“The listener is actually the leader.”
As a leader, if you really want to guide decision-making, you’ve got to find out where your employees are emotionally. Then you can make your suggestions. If you come in as a “knower,” you won’t have the information that you need to make the best decisions.
Being an emotional scientist means being open and curious about how people are feeling. It means understanding how to be in “learning mode” as opposed to “knowing mode.” Having that perspective is critical to building relationships, making the best decisions, and getting the help you need (or the help other people need).
The RULER skills are the things that we do with our feelings. The question is: Are we accurate at recognizing those emotions? The R, the U, and the L of RULER are all about the experience of emotions: Am I aware of how I’m feeling? And am I aware of how other people are feeling? The E and the R have to do with the strategizing: What are we going to do with these feelings?
Recognizing: We pick up on our own emotions by paying attention to our thinking, our physiology, and how our body feels and by paying attention to other people’s facial expressions, body language, vocal tone, and behavior.
Understanding: I may see that your face looks worried, but I have no idea why you’re worried, or I may misperceive how you’re feeling (which happens very often). So the U is saying, “Let’s get deeper. Let’s get at the cause. What might be the reason for that feeling?” What we know in research is that different emotions have different causes. For example, anger is the result of an injustice, whereas disappointment has to do with unmet expectations.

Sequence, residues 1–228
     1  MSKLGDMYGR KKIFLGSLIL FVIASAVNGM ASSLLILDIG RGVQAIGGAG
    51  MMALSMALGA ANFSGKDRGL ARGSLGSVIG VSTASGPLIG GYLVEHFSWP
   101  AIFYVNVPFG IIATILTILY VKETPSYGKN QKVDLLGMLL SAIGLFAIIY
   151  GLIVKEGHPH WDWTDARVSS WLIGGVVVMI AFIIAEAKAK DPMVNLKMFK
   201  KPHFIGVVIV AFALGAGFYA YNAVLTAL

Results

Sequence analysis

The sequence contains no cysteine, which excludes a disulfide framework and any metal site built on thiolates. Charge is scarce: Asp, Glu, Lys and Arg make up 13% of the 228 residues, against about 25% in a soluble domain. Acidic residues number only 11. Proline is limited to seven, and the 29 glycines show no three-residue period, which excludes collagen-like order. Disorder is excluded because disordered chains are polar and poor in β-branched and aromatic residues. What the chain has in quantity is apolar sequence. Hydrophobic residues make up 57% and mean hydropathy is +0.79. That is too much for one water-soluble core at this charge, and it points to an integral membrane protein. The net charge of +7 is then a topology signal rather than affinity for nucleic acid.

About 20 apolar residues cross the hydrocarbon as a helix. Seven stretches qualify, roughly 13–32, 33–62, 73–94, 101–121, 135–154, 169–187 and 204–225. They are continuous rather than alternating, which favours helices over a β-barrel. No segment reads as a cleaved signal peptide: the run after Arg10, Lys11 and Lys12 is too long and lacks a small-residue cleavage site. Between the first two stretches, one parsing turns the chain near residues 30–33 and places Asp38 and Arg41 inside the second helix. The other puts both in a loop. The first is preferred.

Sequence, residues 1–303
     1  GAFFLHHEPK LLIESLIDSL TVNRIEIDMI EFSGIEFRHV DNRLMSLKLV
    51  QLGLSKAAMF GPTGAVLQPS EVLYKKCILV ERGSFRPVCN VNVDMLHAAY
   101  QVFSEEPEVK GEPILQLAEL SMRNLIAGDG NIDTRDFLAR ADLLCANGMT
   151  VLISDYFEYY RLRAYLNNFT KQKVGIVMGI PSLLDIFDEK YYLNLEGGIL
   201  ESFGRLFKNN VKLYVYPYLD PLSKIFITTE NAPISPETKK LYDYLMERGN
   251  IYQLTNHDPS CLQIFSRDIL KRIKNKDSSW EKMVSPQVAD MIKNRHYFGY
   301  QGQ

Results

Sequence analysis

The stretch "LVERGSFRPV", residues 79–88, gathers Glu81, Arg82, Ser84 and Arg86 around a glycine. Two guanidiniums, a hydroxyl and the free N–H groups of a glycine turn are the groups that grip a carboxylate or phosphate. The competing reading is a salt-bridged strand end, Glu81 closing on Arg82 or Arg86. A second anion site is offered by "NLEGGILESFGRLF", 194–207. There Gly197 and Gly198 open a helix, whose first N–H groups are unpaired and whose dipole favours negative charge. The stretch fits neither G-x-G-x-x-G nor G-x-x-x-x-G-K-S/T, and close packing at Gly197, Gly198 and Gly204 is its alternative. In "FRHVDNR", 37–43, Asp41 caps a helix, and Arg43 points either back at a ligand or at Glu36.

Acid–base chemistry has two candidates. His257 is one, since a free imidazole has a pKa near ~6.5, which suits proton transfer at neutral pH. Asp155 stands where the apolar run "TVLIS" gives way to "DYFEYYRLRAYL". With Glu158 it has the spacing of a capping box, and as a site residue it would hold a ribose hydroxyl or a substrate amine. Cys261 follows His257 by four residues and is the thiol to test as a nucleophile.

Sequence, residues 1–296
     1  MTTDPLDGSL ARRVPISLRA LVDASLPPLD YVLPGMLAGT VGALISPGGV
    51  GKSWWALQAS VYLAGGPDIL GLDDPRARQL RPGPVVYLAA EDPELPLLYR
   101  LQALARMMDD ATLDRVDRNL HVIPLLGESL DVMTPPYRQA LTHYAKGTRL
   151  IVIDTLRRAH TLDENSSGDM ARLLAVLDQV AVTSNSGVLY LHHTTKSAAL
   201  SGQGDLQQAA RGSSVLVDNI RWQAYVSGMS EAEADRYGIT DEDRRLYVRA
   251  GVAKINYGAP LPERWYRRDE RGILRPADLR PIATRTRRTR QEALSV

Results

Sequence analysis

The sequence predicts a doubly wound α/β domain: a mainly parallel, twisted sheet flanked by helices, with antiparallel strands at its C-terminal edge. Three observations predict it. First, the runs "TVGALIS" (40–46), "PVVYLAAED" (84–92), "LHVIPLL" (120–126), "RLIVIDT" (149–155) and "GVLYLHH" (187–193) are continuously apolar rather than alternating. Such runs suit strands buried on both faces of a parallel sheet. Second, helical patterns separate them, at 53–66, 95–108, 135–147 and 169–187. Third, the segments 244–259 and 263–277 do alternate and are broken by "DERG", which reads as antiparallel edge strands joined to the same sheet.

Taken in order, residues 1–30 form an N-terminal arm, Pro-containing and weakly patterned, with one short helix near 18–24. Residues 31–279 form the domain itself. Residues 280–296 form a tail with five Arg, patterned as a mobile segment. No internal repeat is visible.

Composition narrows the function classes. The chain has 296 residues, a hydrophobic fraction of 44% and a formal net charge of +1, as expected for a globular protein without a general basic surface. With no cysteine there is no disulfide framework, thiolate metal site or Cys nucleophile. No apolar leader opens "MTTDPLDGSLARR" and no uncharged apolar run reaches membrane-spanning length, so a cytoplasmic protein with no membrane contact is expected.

Labeling: This is where we can ask ourselves questions like: I feel angry, but am I enraged? Am I livid? Or am I feeling annoyed, peeved, or frustrated? This allows us to get at the granularity of the emotion.
Expressing: How we express our feelings varies as a function of context. If you’re in a workplace that says, “Emotions don’t matter here,” you’re going to learn very quickly to suppress. In the workplace, we often experience rules around things like race and gender. Women in the workplace monitor how they’re expressing themselves because they don’t want to be seen as either unlikeable or weak. And a man might say, “I’m pissed,” instead of “I’m really disappointed,” even when they may be feeling a different emotion. It’s a masculine way of expression that’s unrelated to their true feelings.